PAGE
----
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To the Editors of the CRIMSON:
I read in the CRIMSON today an account of a speech made by President Conant. I see that he has decided that card carrying Communists should be forbidden to teach in "schools," and by this I assume he means colleges and universities as well as public schools. His argument, no doubt, is that by the nature of their affiliation, members of the Communist Party are intellectually dishonest people: that is, they pattern their statements, not after the facts as they see and interpret them, but after a party line the formation of which they do not influence, and the content of which is contradictory and in many instances consciously false.
Such an argument would be more than adequate if the sole purpose of a University were to place at the disposal of the students material of varied sorts, presented by a group of intellectually forthright and honest experts whose job it was to interpret and teach this material. This, however, is not the sole purpose of a university, although in recent years it has come to seem so.
Rather, the primary purpose of a university is to provide an open forum, in which ideas of any stripe, no matter how odd or distasteful, may receive their full hearing. The reason for this forum can readily be found in John Stuart Mill's treatise "On Liberty," and it would perhaps be well if President Conant went back to that important but little read work and perused it once more. For here we have the best possible argument for a free market of ideas. This freedom, says Mill, is not a reward bestowed on those who follow the popular line of thought. It is not a privilege, to be awarded or taken away at will. It is a means, a method, whereby we can best reach truth about the ways of man and the universe. We cannot be certain of any fact or belief that we hold to be true, says Mill, and we must therefore constantly allow those who disagree to have their say. Further, he argues, it is not sufficient to present an opponent's argument for him. You must allow him to present it in all its force and appeal, for only by this free and unhampered contest of ideas will we ever be able to choose the true and discard the false.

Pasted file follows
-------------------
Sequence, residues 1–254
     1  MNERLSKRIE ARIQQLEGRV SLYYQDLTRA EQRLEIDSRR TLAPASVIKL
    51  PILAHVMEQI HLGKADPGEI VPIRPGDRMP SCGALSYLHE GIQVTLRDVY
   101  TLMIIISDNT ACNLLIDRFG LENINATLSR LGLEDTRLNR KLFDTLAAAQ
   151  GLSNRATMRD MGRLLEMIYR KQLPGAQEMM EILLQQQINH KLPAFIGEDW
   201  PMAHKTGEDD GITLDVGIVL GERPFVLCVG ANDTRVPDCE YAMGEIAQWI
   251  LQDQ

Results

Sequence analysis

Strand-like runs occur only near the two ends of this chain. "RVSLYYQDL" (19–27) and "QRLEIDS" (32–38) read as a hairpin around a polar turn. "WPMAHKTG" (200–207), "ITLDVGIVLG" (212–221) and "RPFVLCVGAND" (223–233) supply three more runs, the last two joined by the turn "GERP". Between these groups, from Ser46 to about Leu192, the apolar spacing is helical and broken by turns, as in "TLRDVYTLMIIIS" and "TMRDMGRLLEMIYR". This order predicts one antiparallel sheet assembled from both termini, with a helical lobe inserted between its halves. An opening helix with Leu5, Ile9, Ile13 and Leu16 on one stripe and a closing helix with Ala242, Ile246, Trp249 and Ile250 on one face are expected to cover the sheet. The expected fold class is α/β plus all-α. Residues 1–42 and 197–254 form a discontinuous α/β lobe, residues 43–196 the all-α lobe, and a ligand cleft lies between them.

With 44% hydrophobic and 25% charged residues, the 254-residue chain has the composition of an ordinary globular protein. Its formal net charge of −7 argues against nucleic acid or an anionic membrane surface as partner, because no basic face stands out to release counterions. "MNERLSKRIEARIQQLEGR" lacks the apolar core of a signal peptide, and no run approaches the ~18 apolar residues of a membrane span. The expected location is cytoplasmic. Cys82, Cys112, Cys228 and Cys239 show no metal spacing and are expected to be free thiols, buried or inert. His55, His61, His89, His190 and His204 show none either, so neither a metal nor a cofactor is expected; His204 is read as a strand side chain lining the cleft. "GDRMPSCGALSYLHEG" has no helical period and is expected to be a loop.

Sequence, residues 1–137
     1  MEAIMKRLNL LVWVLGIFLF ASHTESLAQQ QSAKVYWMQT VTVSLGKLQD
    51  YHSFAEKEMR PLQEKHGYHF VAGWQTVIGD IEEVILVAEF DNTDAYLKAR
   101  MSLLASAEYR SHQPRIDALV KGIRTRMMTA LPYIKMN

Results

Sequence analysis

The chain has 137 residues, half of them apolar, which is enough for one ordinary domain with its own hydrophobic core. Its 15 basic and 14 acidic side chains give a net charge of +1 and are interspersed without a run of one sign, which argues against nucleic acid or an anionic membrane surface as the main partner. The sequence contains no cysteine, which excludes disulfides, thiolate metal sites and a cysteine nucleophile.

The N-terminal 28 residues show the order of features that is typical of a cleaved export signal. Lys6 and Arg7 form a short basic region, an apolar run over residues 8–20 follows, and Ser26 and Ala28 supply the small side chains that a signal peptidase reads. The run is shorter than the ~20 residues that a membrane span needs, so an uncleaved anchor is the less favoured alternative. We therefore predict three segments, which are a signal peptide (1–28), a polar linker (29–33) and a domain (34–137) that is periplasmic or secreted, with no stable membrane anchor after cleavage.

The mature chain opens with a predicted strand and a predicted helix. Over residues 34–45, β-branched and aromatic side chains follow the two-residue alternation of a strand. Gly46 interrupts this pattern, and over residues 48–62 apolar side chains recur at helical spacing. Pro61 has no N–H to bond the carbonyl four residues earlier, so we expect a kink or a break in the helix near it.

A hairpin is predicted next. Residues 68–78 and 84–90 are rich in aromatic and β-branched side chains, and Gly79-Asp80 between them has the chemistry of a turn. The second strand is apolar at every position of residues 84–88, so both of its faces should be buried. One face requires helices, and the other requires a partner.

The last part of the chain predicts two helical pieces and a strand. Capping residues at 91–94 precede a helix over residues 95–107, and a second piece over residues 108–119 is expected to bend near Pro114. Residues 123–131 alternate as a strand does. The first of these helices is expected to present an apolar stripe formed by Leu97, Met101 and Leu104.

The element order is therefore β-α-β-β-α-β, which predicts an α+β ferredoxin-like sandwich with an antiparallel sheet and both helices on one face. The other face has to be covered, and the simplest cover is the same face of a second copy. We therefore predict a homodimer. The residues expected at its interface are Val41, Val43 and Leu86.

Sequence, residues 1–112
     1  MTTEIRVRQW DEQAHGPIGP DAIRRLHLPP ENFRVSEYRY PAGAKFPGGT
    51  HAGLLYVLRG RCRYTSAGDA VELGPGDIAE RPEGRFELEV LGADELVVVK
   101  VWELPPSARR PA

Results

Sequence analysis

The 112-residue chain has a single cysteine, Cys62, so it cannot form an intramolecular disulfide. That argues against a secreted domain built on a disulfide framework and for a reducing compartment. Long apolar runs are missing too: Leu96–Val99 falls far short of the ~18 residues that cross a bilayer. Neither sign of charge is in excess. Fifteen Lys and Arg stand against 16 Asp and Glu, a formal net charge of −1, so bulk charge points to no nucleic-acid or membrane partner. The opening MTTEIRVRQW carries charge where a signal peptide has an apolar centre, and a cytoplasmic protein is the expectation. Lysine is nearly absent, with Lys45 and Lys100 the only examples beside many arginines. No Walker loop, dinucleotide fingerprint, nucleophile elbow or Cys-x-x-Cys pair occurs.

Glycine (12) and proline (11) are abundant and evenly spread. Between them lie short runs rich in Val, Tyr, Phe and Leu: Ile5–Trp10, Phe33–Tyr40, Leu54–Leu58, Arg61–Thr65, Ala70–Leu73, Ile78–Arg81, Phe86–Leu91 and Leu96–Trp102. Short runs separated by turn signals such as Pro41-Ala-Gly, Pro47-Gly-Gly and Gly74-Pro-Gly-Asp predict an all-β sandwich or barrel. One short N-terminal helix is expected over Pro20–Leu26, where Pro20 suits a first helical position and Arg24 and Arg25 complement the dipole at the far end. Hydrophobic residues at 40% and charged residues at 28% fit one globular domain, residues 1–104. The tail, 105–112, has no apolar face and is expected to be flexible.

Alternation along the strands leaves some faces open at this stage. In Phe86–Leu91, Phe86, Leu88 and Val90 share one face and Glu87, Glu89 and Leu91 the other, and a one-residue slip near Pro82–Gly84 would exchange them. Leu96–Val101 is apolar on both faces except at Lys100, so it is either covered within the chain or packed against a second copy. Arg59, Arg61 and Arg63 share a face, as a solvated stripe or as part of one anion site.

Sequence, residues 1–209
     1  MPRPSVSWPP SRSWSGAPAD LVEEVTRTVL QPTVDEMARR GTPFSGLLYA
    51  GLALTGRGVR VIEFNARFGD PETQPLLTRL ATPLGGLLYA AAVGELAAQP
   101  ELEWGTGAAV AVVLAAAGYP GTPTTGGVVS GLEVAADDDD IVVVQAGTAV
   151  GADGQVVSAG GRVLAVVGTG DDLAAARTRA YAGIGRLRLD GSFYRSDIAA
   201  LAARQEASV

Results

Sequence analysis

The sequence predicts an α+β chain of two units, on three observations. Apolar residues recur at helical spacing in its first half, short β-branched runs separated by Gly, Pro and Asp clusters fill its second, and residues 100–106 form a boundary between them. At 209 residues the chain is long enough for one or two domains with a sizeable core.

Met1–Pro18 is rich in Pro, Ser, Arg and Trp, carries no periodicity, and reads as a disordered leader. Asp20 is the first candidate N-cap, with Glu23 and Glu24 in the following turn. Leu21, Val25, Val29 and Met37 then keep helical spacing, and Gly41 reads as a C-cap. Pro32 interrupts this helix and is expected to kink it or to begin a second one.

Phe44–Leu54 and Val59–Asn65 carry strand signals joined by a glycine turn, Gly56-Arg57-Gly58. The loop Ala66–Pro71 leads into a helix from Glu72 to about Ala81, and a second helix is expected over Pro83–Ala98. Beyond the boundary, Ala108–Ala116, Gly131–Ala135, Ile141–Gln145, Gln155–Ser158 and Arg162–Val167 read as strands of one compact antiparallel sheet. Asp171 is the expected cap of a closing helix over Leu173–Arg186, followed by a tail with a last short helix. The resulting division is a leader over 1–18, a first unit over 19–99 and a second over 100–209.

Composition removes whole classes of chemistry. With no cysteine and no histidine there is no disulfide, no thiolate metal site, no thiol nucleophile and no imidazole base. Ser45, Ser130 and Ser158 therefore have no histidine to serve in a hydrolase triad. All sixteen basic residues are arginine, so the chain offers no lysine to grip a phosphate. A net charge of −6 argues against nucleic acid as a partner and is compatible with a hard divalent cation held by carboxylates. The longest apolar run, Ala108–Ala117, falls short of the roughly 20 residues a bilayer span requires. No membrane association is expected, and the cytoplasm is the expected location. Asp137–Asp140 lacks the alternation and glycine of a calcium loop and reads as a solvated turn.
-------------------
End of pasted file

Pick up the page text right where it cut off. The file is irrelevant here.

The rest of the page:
Now this doctrine, which is more fundamental to our way of life than the Capitalism or Federalism with which 'America' is commonly associated, is, in turn, founded on the belief that a society, confronted by a variety of conflicting views, will in the long run choose that one, or combination of them, which is closest to the truth. It is becoming increasingly evident that this belief has all but died, and that a new belief, in truth by indoctrination, has taken its place. The argument has ceased to be--"Will a Communist teacher, teaching communism, contribute to the knowledge of the community?" and has become--"Will a Communist teacher openly teach communism?" If the answer to the latter question in "no," if we can count on a Communist dishonestly teaching a doctrine he does not believe, then it seems he is to be accepted, while if the answer is "yes," if this Communist teacher will openly teach and advocate communism, then it appears we are to fire him, and restrict our contact with this dread doctrine to the rather outmoded and frenetic Communist Manifesto.
I thus defend the right, the need, of the Communist teacher to teach in this and other universities, not on the ground that it is his natural or inalienable right to do so, but on the ground that he may have some truth, or near truth, to offer which can not be had elsewhere, and if Dr. Conant will say, before having heard the Communist, that he does not, cannot, have some truth to offer, then I say that he has forfeited his role as protector of free thought and expression in the university and should yield to a men who will defend these basic freedoms. Robert Wolff '54
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